This Beatles classic was written by George Harrison and has been used by him so much it seems wrong now to say the song was by the Beatles rather than George. The song is tabbed pretty much as is in the recording people know best, which is the one used in the video below.
The one thing my tabs call for, though, is that the singer also sings all the main instrumental phrasings. You can hum it, if you like, but I prefer to use “doo doo”. It makes for a song with a lot of “doo doo” in it, but a good one!
All the notes are written out so wherever you see notes in the main body of the lyrics, you sing or hum them.
There is a bit of syncopated strumming in the middle instrumental interlude. “Slash” characters describe them. Read them left to right so if they rise, you’re on an upstroke, whereas if they fall, you’re on a down stroke. It’d be hard to describe it more without a video to show it, which I may some day, but I think if you listen to the song and try to strum along, you’ll get it. It’s not that difficult.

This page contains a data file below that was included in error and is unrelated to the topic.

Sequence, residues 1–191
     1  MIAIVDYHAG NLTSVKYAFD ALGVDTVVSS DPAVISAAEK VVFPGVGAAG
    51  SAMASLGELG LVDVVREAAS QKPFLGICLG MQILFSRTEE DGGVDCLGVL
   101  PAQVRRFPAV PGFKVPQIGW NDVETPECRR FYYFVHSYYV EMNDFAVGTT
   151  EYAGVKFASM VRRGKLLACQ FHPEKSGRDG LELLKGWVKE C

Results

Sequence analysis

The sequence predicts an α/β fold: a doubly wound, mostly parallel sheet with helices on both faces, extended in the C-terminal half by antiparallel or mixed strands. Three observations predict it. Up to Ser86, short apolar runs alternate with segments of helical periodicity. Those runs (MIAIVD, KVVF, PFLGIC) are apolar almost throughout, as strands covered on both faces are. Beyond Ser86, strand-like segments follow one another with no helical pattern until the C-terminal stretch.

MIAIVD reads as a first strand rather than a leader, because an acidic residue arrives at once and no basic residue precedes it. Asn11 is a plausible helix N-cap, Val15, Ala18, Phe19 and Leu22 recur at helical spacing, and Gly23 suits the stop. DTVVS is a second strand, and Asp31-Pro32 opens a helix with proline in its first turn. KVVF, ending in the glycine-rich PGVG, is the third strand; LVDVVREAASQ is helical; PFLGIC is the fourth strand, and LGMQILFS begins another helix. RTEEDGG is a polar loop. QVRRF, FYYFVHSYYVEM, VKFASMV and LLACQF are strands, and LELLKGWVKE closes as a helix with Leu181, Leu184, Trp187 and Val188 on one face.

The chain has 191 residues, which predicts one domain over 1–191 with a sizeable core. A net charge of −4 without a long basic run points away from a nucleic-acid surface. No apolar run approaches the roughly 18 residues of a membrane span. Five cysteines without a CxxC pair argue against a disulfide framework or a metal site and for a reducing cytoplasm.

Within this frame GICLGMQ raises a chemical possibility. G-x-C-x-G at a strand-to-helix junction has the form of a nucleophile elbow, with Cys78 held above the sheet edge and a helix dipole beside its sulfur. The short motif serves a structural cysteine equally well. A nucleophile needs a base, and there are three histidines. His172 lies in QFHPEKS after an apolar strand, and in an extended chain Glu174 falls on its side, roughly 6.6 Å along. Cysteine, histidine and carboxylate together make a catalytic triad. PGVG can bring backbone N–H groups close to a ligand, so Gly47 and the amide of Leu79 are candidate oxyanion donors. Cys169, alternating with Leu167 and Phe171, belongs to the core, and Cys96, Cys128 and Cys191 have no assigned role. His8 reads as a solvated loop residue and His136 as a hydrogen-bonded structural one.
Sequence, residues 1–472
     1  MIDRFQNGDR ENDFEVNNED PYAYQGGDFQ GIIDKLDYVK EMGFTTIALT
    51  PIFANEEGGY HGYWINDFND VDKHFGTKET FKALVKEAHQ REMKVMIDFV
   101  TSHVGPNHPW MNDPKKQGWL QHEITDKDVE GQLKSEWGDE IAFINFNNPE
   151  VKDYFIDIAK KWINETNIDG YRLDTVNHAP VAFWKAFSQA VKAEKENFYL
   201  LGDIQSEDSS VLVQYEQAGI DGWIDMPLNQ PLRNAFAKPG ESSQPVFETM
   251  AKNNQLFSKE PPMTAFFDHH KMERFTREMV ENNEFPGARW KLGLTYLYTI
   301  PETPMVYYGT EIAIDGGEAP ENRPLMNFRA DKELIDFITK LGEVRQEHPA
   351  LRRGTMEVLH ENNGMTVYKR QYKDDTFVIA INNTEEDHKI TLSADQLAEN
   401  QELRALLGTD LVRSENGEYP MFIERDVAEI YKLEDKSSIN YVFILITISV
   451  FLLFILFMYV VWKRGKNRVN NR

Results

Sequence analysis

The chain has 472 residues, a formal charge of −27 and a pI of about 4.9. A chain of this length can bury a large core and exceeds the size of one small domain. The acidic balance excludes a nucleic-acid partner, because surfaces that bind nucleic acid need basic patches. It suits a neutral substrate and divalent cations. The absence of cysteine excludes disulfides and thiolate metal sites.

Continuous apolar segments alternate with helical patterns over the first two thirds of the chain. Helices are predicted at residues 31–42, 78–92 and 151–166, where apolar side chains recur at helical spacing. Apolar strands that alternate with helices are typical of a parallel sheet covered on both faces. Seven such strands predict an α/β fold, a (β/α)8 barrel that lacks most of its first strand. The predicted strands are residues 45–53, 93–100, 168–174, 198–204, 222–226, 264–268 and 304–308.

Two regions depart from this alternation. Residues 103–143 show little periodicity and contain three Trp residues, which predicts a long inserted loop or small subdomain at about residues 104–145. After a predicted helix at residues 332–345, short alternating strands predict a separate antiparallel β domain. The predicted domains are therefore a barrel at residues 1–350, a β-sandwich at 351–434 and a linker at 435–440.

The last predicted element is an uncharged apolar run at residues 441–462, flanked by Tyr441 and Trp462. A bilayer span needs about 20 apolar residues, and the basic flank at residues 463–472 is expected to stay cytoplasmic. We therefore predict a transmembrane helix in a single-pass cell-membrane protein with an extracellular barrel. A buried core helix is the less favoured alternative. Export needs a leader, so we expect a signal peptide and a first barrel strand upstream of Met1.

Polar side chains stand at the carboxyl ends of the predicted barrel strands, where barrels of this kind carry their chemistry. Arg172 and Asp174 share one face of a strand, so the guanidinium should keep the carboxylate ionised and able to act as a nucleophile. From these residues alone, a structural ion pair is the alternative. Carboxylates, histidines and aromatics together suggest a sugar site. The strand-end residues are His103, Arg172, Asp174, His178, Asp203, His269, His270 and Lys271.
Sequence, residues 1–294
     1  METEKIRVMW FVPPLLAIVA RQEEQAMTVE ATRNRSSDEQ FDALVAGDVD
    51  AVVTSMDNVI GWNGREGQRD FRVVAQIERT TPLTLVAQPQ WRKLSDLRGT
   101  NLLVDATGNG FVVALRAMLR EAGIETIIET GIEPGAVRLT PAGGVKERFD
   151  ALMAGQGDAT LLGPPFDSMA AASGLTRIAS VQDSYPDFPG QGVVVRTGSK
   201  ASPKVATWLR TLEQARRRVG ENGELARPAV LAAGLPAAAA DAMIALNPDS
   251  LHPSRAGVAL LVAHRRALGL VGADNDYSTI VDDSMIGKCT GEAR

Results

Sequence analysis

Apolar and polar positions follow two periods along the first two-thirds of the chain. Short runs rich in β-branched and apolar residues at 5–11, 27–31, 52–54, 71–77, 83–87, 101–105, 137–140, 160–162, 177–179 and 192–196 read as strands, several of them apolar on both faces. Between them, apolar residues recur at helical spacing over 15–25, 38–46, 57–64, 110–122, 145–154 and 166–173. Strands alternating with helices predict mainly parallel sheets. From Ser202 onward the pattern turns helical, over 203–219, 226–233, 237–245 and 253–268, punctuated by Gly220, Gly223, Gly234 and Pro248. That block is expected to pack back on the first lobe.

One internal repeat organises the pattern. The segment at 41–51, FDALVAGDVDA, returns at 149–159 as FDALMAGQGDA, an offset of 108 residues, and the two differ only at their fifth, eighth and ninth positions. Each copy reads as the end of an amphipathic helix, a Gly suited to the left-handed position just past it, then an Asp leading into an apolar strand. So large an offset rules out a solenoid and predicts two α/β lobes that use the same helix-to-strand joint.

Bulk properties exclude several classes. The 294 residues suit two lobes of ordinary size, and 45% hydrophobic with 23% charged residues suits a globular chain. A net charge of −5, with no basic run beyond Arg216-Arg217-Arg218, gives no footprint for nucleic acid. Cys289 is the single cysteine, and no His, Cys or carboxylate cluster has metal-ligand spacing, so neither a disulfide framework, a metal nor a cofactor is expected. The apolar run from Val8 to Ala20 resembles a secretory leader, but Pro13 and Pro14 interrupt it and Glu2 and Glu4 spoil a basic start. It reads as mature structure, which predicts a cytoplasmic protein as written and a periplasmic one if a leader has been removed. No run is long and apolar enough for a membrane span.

If you do the strumming and singing of the instrumental parts on top of the regular song, you’ll find you won’t feel like you need a band to play a pretty good version of this great tune. The depth of talent in the Beatles still blows my mind!
Here Comes the Sun, George Harrison Guitar Tabs Letter Sized PDF
Here Comes the Sun, George Harrison Guitar Tabs Tabloid Sized PDF
Here Comes the Sun, George Harrison Ukulele Tabs Letter Sized PDF
Here Comes the Sun, George Harrison Ukulele Tabs Tabloid Sized PDF
If the letter size tabs (8.5″ x 11″) are too small for your eyes, you can either enlarge to tabloid size (11″ x 17″) using an automatic enlarge feature on many photocopiers, or download the tabloid sized versions for printing. The tabloid size tabs can be inserted into a typical letter sized binder on the 11″ size, and folded almost in half to fit. You just open each tab to use it.
Please click here for guitar and ukulele tabs and chords to other songs on this blog.
Flesch-Kincaid Grade Reading Level: 6.4